Catch chilling ‘Secret’

Ted Pigeon

It’s always disheartening to watch a movie that starts with so much promise, but loses just about all of its steam by the end. “Secret Window” is a psychological thriller based on the novel by Stephen King, that does precisely that. It begins with intrigue and builds tension and suspense throughout, but severely falters at the end by essentially reducing itself to just another generic thriller. During a scene late in the film, the central character says, “It’s all about the ending; it’s the most important part,” and while I might argue that the end may not be the most important part of a good story, this movie certainly proves that it can almost ruin one.

Fresh off the success of his Oscar-nominated performance as Captain Jack Sparrow in last year’s “Pirates of the Caribbean,” Johnny Depp plays Mort Rainey, a reclusive writer who, when not crouched over his computer, is usually either asleep or asking his dog for suggestions. He is in the middle of a divorce from his wife (Villanova grad Maria Bello), who he found in bed with another man in the first scene. On top of that, he is suffering from a bad case of writer’s block, which is preventing him from writing anything more than a sentence, regardless of how long he sits at his computer.

Then one day, a man named John Shooter (John Turturro) shows up at his cabin claiming that Mort stole his story. Mort initially thinks the man is lying until he reads Shooter’s story and realizes that it’s almost identical to his short story, “Secret Window.” Though Mort denies the hostile claims that he stole Shooter’s story, Shooter remains confrontational and informs Mort that he’s got three days to prove that his story was published before Shooter’s was written. Mort dismisses the man, but Shooter starts turning up everywhere and making more threats against Mort. Soon the situation spirals out of control, as Mort’s dog is murdered and his wife’s house is burnt down.

The story then kicks into high gear, taking all of the undertones of a horror story that were present all along and intensifying them. Writer-director David Koepp is no stranger to suspense or thrills, having penned the scripts for “Jurassic Park,” “Mission: Impossible” and “Panic Room,” and having written and directed the chiller, “Stir of Echoes.” He is arguably the most successful screenwriter in Hollywood (as he also has a little movie called “Spiderman” on his résumé). His skill as both a writer and director comes through in “Secret Window,” since it is very taut and well-made, building upon its conflict throughout the film to a bone-chilling effect.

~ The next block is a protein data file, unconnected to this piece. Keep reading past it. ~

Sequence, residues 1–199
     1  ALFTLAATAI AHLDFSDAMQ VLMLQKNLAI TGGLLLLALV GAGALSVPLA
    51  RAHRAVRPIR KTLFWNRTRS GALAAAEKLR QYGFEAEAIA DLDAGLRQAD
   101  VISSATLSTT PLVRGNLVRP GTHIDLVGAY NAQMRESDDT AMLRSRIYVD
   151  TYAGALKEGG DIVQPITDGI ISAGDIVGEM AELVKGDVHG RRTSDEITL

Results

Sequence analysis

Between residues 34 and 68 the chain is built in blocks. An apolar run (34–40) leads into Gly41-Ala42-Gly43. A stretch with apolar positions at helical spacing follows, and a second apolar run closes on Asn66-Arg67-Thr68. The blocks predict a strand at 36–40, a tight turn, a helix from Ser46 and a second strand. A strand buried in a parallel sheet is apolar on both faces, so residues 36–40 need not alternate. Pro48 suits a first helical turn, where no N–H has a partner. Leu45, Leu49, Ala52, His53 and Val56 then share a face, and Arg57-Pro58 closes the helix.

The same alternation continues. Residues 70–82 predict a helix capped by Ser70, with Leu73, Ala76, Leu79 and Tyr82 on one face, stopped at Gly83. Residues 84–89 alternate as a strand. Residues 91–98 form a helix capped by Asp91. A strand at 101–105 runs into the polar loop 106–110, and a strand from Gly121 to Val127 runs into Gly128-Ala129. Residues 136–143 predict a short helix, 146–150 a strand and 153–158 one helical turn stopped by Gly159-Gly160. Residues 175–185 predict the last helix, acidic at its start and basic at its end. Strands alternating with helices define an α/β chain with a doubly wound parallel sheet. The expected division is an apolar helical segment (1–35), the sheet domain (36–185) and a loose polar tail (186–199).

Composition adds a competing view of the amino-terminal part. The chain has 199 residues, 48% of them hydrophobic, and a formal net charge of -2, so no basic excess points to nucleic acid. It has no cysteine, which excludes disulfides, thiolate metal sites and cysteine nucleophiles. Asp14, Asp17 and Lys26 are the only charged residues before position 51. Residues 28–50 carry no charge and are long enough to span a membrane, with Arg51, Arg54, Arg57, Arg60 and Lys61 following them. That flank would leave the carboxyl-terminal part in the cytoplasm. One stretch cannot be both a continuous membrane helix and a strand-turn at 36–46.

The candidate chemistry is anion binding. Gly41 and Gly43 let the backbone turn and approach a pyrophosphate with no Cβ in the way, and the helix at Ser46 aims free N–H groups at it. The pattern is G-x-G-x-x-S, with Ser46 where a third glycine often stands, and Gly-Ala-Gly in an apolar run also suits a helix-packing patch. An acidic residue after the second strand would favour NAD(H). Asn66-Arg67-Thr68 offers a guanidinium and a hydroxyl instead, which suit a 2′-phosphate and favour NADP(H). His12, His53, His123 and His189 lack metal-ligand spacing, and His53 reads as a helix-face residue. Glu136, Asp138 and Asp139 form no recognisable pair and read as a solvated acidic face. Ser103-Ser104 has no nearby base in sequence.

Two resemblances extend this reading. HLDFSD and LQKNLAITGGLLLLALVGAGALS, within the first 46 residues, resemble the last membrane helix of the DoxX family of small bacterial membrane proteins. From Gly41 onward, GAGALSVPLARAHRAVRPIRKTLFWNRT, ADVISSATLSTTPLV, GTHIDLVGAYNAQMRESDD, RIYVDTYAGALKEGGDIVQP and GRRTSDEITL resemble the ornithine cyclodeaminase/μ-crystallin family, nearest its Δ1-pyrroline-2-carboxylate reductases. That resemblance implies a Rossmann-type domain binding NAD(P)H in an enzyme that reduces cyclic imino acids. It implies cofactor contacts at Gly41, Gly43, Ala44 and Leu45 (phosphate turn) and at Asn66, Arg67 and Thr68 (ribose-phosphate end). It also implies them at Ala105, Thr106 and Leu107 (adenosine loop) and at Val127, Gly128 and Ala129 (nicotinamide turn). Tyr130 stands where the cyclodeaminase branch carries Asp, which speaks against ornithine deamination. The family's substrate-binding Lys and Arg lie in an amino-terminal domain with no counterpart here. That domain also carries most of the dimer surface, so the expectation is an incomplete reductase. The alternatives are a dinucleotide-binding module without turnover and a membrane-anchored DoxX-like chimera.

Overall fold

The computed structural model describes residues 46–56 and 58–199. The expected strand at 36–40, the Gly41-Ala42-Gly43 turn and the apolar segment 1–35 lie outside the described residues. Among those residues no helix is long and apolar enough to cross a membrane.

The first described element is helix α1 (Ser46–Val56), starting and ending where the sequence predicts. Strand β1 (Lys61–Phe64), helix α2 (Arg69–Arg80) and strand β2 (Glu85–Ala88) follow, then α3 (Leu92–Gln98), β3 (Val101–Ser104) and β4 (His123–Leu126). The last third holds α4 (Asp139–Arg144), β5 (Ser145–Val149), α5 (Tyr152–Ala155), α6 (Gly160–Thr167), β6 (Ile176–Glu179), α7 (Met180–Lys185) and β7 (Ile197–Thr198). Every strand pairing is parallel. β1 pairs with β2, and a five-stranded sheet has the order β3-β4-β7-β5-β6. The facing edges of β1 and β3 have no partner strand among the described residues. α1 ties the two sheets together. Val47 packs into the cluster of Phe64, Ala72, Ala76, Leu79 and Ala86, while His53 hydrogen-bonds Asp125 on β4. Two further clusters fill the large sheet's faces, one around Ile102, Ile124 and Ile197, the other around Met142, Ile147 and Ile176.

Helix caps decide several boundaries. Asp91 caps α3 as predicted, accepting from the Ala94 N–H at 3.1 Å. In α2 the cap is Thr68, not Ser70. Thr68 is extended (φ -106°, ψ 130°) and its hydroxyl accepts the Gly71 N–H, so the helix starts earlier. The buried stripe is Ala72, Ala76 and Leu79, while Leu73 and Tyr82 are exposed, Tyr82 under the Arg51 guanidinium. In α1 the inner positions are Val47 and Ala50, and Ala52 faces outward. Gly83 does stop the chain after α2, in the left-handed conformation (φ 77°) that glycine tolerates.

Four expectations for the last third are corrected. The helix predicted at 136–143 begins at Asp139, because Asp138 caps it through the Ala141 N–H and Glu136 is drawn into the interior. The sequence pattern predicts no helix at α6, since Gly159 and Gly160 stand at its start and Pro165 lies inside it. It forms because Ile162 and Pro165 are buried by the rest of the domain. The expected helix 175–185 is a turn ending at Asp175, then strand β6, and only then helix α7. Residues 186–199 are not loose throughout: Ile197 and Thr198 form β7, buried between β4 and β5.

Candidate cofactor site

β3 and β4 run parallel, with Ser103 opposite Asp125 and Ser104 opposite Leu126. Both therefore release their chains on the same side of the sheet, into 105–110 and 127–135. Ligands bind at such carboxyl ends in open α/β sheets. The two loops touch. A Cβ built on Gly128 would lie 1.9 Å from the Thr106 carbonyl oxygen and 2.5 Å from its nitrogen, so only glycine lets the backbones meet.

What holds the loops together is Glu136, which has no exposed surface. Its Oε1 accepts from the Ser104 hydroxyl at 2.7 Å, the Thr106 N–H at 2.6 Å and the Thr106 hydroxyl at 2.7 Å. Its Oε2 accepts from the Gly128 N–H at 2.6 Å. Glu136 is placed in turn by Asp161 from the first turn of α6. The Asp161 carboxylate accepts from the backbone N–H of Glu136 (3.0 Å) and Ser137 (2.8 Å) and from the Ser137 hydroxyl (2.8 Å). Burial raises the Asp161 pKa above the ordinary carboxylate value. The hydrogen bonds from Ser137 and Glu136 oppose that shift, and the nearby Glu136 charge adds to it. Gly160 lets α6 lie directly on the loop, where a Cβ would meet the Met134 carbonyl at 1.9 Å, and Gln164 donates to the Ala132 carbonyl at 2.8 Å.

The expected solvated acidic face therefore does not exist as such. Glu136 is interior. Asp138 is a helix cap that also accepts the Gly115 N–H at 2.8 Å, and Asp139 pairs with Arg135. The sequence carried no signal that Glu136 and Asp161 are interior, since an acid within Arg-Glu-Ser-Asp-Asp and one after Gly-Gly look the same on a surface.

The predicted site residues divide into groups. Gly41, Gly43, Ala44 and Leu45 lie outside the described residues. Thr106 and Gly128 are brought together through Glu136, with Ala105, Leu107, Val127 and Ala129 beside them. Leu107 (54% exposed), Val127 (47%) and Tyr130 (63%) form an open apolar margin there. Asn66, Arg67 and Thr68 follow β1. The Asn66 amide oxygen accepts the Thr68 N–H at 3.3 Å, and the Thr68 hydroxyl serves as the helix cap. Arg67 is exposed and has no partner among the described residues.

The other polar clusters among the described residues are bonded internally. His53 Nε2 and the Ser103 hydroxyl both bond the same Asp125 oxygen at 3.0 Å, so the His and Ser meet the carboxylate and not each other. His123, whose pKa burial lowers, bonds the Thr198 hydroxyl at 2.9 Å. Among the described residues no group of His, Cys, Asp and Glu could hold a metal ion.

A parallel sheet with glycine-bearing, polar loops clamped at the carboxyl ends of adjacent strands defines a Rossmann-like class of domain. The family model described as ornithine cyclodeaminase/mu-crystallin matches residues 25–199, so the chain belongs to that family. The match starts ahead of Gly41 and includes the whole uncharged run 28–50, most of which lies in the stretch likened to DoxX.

As for the performances, Depp proves that he is one of the more versatile actors working today. As opposed to “Pirates,” Depp brings a level of subtlety to his role as a lonely writer. He makes the character much more interesting through little details, rather than gleefully going way over-the-top as in “Pirates.”

His performance is ultimately what holds the film together. Another equally important and interesting performance comes from Turturro, whose character is often scary. Turturro brings a unique sense of menace to the character of Shooter, providing the film with a lingering element of paranoia in his threatening demeanor.

All is well with “Secret Window” until its ending. The issue with the end is not so much that it’s bad, because it’s not, but rather that it doesn’t have the same spark as the rest of the film. Koepp went along to build and maintain a specific atmosphere and dark nature to this story, and the end is essentially a betrayal of that.

It almost feels like a different movie, and it’s not nearly as interesting as before, even though we feel it should be, considering how pivotal it is. The ending works without being insulting, but it’s disappointing; it is basically a transformation of the film from something rather interesting into a something we’ve seen a hundred times before. It simply doesn’t fit with the rest of the film.

Nevertheless, despite all its last act problems, “Secret Window” is a stylish, effective and at times, bone chilling movie that boasts a couple of really good performances and an on-the-whole involving story. That’s more that can be said of the movie from last spring based on a Stephen King story, “Dreamcatcher,” which was interesting for about 20 minutes before it got ridiculous. “Secret Window” never gets quite so ludicrous, and it also maintains a level of interest almost until the end, making it one of the better films to be based on the work of Stephen King in a while.